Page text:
My favorite gingerbread

In 1929, at the age of 17, my father’s father — my Opa — immigrated to the United States as an indentured servant to pay his boat passage across the Atlantic. The farming people who purchased his indenture took good care of him, taught him English, and even gave him some money when he was done working for them. He was a lucky guy.

Eventually he ended up in Chicago where he peddled eggs on a bicycle during the Great Depression. There he met my Oma, a farm girl from rural Illinois, who was working as a maid on Lakeshore Avenue. They were both members of an old-world Calvinist church which is where they met.

My Opa had apprenticed as a baker in Stuttgart (though there had been almost no ingredients available to bake with at that time), and my Oma decided that they would open a bakery. They moved to Highland Park, Illinois where they were joined by my great-aunts Elizabeth and Dorothy, who helped take care of the children and also worked in the bakery. Over time, Baum’s Bakery became a great success.

One photo that mesmerized me as a kid was an elaborate Swiss Chalet made entirely of gingerbread (the picture above shows something different). When we were old enough, my mother helped my sister and me to create gingerbread houses every year. Of course we festooned them with candy because we knew that eventually the houses would be demolished and eaten.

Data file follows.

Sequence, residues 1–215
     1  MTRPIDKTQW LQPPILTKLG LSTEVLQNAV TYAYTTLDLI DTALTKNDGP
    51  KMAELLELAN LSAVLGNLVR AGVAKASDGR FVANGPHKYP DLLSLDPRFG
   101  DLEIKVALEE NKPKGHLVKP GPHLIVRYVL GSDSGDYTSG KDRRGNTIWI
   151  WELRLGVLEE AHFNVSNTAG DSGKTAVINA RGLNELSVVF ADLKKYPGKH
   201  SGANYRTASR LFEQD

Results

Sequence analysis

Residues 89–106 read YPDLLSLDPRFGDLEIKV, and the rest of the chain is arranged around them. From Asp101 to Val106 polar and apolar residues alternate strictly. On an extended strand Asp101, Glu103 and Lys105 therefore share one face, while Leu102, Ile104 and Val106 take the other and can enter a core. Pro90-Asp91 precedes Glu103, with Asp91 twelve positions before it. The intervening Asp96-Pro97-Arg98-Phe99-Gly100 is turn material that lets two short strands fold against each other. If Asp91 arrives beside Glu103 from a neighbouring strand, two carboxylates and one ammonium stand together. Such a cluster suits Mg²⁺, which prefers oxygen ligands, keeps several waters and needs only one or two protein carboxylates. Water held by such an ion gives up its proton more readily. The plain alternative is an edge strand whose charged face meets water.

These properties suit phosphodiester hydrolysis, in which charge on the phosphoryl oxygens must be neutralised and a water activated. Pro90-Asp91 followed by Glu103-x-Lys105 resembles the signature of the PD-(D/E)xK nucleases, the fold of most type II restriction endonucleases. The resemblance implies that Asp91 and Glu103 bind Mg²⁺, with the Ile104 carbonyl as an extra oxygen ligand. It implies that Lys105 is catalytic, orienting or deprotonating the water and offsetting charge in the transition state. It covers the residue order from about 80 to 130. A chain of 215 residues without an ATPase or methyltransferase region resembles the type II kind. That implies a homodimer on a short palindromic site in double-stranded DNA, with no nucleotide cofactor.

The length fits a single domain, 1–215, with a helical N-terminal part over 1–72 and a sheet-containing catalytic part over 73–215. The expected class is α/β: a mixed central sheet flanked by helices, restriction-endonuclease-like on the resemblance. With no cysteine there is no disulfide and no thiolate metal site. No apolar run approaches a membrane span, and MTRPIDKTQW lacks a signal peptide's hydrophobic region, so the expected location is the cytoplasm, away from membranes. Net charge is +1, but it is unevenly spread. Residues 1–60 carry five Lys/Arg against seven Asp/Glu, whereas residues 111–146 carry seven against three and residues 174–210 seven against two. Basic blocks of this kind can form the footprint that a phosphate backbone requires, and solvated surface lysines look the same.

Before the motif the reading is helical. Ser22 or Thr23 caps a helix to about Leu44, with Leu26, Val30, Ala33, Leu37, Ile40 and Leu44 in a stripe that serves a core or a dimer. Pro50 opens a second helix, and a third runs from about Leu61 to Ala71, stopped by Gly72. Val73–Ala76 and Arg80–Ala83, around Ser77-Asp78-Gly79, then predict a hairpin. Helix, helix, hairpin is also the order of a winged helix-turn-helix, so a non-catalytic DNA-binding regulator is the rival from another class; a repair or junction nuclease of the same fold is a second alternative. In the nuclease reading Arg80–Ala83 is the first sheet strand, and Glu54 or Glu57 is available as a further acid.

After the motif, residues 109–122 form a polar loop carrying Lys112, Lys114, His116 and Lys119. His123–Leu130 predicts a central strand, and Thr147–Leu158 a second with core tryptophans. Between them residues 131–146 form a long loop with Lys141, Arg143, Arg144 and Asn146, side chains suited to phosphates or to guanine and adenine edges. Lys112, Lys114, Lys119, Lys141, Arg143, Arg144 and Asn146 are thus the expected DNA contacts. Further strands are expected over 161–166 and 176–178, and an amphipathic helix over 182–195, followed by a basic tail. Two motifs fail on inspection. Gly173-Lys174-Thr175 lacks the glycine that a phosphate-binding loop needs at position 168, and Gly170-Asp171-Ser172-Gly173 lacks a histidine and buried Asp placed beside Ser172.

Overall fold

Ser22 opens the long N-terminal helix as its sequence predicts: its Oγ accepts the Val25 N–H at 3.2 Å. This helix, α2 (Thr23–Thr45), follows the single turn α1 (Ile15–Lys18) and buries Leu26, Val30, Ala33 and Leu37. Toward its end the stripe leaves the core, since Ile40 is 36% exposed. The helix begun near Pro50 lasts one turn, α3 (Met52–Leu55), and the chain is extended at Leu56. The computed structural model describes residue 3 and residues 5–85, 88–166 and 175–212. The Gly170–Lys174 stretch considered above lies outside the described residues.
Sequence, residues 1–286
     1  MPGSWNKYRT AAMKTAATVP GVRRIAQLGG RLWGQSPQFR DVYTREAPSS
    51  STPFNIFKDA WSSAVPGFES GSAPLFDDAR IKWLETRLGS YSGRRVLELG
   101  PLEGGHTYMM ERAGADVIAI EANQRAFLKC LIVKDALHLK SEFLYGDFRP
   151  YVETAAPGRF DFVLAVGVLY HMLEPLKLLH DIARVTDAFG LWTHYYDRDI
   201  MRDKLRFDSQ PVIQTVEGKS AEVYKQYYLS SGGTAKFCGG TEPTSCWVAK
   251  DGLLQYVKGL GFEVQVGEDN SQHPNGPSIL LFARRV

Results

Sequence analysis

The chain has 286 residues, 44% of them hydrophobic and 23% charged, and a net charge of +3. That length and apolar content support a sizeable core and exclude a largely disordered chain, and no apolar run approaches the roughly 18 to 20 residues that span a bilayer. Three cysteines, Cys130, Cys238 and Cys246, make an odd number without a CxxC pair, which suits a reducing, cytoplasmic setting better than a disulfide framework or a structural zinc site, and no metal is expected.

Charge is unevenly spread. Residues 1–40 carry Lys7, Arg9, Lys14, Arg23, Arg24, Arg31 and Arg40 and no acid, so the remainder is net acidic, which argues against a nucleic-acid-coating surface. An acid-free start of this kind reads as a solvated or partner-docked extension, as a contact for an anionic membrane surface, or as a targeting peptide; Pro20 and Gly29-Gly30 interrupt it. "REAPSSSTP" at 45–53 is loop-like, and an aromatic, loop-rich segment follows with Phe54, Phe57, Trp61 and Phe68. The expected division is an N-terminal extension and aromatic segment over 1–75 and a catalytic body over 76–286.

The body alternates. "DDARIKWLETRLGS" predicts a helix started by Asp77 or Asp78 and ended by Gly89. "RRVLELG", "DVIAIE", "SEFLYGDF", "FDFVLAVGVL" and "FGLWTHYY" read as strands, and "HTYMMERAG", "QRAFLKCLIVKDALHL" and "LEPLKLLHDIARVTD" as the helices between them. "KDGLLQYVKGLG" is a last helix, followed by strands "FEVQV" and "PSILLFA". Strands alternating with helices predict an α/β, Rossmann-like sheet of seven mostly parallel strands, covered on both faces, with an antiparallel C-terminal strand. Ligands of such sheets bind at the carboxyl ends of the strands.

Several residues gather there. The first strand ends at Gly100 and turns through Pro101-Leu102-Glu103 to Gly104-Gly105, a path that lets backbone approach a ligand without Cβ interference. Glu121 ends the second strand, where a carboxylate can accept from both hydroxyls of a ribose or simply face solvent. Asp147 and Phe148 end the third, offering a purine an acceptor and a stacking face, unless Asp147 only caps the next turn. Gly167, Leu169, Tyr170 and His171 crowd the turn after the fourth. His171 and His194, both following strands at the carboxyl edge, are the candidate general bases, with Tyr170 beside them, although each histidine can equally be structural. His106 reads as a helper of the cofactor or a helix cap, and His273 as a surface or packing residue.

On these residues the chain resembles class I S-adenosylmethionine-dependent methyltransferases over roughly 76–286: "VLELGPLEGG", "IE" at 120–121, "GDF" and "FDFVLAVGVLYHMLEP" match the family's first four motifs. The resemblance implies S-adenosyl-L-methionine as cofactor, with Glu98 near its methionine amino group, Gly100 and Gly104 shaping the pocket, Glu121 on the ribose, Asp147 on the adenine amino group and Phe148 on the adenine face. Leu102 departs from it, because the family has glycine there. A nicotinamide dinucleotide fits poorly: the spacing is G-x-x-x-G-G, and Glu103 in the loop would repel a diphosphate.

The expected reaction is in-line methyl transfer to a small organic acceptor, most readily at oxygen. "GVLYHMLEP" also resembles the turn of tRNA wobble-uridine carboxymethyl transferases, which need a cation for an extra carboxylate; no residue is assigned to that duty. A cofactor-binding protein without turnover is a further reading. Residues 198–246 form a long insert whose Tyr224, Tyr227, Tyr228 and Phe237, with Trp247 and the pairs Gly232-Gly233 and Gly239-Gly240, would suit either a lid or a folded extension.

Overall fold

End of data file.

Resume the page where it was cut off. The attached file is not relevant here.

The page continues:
On the right is an early effort from around 1976, as evidenced by the Very 70’s Chair in the background. I believe that we used a template published in Sunset Magazine of that year, but you can design your own. Create the template from sturdy cardboard and try assembling the cardboard first to make sure your design makes sense. Then use the cardboard pieces to cut your gingerbread when it’s half-baked (see recipe).

The recipe that we used back then has evolved over the years, from a sturdy construction gingerbread to something closer to speculatius, enriched with lots of ground almonds. For me, this cookie represents the holidays more than any other food.

This year, my partner Juan and I made the gingerbread together, and he asked me to write the recipe down so that it could be a little more (ahem) reproducible. I thought I’d share it with you as well. I’ll add more details when we’re done baking — so far we’ve just created the dough.

Mark’s Gingerbread – Speculatius Recipe

Happy baking!